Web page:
From the time I was four or five years old, I kept a diary chronicling my days. At first, I wrote about my adventures with other children in the neighborhood. As I grew up, I noted what was served for lunch in the school cafeteria, and then for an unforgivable number of years about which boy attracted my attention, and then about how big a nerd I was--how alienated that left me from my highschool-full of beautiful and rich classmates.
When I entered graduate school in history and began writing advanced research papers based on primary documents, I panicked. Yikes! For so many years I had imagined my diaries as letters to myself. Now I suddenly realized that I had an audience, whether I liked it or not: HISTORIANS OF THE FUTURE.
I stopped writing in my diary. I burned the many volumes in one giant bonfire.
But I struggled: how does one evaluate one's life, one's days, without writing about them?
Blogging allowed me to return--only by making that terrifying elusive (and evaluative) historian-of-the-future into real live readers who could comment--ideally with lovely stories, interesting thoughts, and kind support, but also with swinging fists when they felt necessary.
When I started this blog, it was a knitting blog. What pleasure it was to talk about my fibery obsessions and also to share my finished objects with others! Luckily, the wonder that is Ravelry has completely supplanted that need.
As time has gone by, I have worked through some fairly intense personal issues (including the illness of my father) in the pages of this blog. I don't know how to thank my readers for the depth of compassion I have received during these times. But it wasn't just my readers' comments on and off the blog; just the fact that I had this place to write to sometimes made a difference, too.
For the last months, I have been part of a magnificent project: the Green Phone Booth. Here a group of five fabulous "green sheros" have talked about green-caped superheroic efforts--and also our normal everyday efforts--to address the environmental issues that confront this world. I am inspired daily by this amazing group of women and the acts they do. But I feel awkward every week when I try to imagine what piece of information I can pass on that will enlighten anybody. It turns out I have very little instruction or advice to give. (Who would have thunk it?! Poe could have warned me that the didactic is almost always heresy and waste.)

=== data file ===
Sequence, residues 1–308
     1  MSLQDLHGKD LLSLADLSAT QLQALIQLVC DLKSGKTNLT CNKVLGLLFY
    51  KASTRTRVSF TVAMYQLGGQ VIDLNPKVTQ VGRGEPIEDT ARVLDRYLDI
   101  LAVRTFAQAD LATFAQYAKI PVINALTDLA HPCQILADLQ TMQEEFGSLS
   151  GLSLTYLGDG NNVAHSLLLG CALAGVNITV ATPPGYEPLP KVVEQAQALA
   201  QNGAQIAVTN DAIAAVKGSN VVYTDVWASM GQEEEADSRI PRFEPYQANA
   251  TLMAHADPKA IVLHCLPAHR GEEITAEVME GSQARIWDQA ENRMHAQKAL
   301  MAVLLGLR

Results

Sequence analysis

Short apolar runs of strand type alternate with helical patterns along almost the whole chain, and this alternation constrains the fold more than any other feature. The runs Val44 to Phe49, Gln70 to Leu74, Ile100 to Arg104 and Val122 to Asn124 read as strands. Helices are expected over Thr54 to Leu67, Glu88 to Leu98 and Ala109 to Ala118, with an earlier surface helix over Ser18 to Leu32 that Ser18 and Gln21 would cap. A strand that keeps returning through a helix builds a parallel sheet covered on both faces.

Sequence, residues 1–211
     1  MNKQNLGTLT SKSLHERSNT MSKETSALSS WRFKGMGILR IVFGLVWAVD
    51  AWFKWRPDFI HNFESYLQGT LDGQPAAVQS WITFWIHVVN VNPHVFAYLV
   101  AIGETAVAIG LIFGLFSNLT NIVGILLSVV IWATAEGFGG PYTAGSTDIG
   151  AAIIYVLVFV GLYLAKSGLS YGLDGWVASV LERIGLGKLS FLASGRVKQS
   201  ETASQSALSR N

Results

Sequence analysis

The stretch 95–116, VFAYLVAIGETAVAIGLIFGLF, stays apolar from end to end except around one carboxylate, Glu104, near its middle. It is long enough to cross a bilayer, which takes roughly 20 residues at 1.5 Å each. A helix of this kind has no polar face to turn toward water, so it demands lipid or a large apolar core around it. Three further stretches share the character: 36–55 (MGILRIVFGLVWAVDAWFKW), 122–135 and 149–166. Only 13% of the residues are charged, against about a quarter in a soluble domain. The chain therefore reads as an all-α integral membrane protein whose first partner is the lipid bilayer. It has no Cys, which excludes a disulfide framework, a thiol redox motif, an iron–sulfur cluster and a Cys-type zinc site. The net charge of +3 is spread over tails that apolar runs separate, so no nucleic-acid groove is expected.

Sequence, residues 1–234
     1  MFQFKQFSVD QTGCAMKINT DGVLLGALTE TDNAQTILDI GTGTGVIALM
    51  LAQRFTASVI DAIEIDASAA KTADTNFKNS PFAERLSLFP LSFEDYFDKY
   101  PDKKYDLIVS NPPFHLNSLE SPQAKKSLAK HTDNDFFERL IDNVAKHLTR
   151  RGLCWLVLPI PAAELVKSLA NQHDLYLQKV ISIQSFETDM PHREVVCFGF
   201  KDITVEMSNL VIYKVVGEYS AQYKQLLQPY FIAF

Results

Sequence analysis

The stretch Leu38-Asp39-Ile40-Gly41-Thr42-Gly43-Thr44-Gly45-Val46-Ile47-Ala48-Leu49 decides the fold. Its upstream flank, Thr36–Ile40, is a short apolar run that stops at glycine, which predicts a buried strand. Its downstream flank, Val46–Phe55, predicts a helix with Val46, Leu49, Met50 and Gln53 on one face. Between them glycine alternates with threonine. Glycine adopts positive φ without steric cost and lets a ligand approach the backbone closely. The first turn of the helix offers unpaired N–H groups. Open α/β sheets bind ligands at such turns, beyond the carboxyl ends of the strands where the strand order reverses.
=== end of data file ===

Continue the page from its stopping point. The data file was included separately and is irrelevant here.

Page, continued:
So my blogging isn't about teaching whatever I think I might know.
Blogging, for me, needs to be all about navel gazing.
Do I believe my navel is really of such great importance to the universe? If not, might the universe at least be reflected in my navel? Dare I even wonder if anyone cares about what I think might be going on in my own personal belly-button?
When I get too far from the goal of analyzing my own umbilicus, I start panicking about what other people will think: if they will be disinterested in my writing, dulled by what I think are insights, disappointed in my efforts, sick of it all.
Honestly? I am trying really hard to tell myself that I don't care, that I won't worry whether you are all so bored to tears that you'd rather watch the weeds take over our backyard than read what I am writing (instead of weeding the backyard). Whatever fictive/real "audience" is out there must be better than any imaginary future-historians I could conjure to write for. (And you are, dear readers, you are! You can't imagine what I can imagine.)
Sometimes this blog takes time away from living. I am both a homeschooling mother and a writer of academic books. And I prefer both knitting and reading to blogging.
So I will tell you that I am not promising to write more than about one post a week or so.
And these posts will be random. They may be about knitting, about parenting, about homeschooling, about environmental issues, about the books I read and the music I hear and the plays I attend. They may be about politics or the collapse of civilization as we know it. You know Edgar Allan Poe will never be far from my wings. Shakespeare will appear occasionally. The history of race in America informs everything, as does my weird Jewish-Atheist personal crises which recur constantly. Beethoven, and disability politics, and Suzuki violin--they might stick their necks in. My fencing son will insist on getting a touch in occasionally. And yes--there will be food and gardening, too.
I very much needed this sabbatical. It has been wonderful. But, like the end of all great vacations, I am ready to come home. I hope to have all of you with me as I pull the suitcase out of the car and up the stairs, back to this site.
I hope you will all join me.